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In 200 Words: Vik Muniz at Nashville’s Frist Center

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Vik Muniz, The Birth of Venus, after Botticelli (Pictures of Junk), 2008, digital c-print, 3 parts, 92 x 153 inches overall, collection of The Mint Museum, Charlotte, North Carolina. Museum Purchase: Funds provided by Charles W. Beam Accessions Endowment. 2013.24.Art © Vik Muniz/Licensed by VAGA, New York, NY
Vik Muniz, The Birth of Venus, after Botticelli (Pictures of Junk), 2008, digital c-print, 3 parts, 92 x 153 inches overall, collection of The Mint Museum, Charlotte, North Carolina. Museum Purchase: Funds provided by Charles W. Beam Accessions Endowment. 2013.24.Art © Vik Muniz/Licensed by VAGA, New York, NY

Throughout his photographic career, Vik Muniz has long established alternate ways of creating images through use of unconventional and often unexpected materials. Such a practice organizes nicely into Vik Muniz: Garbage Matters, Muniz’s exhibition of classical images in two series now on view at the Frist Center for the Visual Arts in Nashville [June 14-September 15, 2013]. Exactly what they sound like, Pictures of Junk and the monumentally scaled Pictures of Garbage recreate and reconsider iconic images through refuse gathered from a landfill near his Rio de Janeiro studio.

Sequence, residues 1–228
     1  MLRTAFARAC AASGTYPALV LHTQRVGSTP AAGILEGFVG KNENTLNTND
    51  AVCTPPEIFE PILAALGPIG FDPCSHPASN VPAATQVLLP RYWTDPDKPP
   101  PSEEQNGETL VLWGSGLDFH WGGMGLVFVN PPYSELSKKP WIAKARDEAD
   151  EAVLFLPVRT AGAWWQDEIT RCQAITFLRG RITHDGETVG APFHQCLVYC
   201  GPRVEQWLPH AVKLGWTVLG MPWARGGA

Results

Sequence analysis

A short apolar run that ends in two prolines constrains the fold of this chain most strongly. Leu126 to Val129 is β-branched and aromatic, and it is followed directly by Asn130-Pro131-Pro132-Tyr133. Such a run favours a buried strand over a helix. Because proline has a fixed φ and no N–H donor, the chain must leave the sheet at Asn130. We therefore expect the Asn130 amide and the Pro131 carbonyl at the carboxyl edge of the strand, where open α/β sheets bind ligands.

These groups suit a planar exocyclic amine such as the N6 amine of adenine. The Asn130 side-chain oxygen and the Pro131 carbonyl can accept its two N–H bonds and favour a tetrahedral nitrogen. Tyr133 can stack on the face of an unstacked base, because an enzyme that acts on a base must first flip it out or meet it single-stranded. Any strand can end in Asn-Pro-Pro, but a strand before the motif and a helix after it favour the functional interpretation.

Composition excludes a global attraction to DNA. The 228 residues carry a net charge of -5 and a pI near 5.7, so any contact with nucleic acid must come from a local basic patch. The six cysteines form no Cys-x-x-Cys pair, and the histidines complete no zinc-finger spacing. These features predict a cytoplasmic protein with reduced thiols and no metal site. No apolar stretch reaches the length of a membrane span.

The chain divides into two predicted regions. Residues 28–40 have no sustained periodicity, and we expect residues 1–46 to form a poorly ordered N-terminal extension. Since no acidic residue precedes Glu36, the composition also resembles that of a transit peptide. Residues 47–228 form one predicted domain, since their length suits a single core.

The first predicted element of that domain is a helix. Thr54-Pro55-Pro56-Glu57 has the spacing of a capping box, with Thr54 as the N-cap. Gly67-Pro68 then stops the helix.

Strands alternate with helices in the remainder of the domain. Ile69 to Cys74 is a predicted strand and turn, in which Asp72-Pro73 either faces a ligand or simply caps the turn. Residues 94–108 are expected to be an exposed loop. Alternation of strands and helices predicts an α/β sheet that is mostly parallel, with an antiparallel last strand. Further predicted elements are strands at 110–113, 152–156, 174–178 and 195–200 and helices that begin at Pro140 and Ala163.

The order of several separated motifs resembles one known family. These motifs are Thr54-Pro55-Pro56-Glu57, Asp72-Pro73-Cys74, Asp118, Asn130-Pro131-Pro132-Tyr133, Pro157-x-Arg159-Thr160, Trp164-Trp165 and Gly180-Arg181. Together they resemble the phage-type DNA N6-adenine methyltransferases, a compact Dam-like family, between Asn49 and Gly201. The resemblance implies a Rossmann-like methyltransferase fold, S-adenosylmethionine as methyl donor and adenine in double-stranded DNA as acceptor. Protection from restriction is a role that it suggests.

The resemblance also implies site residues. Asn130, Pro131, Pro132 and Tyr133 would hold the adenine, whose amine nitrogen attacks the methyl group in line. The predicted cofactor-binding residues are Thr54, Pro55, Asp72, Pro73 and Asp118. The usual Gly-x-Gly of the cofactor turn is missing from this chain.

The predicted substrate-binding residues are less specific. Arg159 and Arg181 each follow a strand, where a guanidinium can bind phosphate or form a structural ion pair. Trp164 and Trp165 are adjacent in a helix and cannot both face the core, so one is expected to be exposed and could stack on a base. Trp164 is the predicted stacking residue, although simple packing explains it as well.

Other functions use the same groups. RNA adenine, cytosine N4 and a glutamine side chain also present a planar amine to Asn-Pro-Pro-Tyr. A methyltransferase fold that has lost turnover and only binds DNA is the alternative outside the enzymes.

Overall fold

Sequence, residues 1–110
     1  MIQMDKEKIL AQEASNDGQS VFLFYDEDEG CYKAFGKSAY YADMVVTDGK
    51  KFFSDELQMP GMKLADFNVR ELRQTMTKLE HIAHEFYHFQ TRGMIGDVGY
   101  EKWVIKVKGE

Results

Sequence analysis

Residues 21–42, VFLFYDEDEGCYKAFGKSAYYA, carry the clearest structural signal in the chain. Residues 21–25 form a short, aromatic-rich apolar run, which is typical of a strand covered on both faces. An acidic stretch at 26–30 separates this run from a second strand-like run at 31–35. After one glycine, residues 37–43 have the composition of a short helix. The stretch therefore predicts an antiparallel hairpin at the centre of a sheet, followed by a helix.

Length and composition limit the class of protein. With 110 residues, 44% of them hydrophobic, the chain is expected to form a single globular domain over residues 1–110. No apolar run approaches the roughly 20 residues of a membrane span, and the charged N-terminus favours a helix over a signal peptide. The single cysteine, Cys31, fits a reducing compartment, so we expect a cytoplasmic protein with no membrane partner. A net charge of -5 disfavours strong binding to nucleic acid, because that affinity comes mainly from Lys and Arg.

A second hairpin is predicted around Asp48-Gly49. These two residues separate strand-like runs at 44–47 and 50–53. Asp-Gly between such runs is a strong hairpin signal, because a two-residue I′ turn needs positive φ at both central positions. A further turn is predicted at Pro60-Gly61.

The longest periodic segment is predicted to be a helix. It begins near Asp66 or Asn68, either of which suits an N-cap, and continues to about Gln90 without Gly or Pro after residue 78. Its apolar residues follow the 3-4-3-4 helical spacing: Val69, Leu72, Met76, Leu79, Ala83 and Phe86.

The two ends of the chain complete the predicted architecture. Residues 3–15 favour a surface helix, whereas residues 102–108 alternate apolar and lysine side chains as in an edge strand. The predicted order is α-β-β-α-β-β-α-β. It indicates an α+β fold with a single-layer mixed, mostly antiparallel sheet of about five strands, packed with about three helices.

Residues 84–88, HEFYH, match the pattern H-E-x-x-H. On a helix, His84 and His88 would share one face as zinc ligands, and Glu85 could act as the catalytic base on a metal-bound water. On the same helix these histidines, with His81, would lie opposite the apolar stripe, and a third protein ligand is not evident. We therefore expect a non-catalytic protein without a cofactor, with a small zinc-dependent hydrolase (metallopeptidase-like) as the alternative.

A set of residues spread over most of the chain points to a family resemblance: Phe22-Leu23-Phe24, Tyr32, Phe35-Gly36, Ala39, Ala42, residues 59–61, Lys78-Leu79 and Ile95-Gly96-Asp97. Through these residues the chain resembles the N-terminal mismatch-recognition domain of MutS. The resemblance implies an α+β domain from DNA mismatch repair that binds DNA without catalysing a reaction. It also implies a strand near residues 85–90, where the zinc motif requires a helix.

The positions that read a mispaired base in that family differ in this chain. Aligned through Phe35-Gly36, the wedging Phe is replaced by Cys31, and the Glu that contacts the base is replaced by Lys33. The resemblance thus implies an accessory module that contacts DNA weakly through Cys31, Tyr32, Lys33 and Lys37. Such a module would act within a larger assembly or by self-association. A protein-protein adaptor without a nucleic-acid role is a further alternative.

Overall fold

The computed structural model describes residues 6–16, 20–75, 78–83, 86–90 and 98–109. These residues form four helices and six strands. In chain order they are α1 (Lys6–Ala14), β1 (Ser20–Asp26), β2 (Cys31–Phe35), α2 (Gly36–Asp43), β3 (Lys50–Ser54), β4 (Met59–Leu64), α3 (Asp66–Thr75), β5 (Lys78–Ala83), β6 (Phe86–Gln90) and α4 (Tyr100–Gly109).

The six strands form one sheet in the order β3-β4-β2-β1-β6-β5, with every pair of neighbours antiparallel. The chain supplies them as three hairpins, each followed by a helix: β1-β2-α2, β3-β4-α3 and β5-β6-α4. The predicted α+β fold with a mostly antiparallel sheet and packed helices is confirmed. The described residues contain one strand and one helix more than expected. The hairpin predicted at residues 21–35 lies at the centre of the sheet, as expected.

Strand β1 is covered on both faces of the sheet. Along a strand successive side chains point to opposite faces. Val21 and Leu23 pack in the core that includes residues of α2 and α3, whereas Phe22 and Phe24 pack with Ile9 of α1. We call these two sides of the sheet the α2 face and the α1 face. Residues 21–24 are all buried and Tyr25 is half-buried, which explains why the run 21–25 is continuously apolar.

Georgia Museum of Art

For the easily impressed, the idea of recreating Botticelli’s The Birth of Venus in a complex pattern of trash is a showcase in itself. But the work is more than just clever appropriation; the deeper conversation on idealization is where Garbage Matters makes the most impressive statements. Through subject matter and material decisions, Muniz questions the diversity of high and low art, the history of Western context affecting the valuation of art, and how contemporary society defines the value of objects through acts of creating and discarding. It’s a weighty discussion, brought home by the personal involvement: Muniz immortalizes the faces and social issues of the workers whose livelihood depends on the landfill, and who collaborated to create the series.

-M Kelley


 

 

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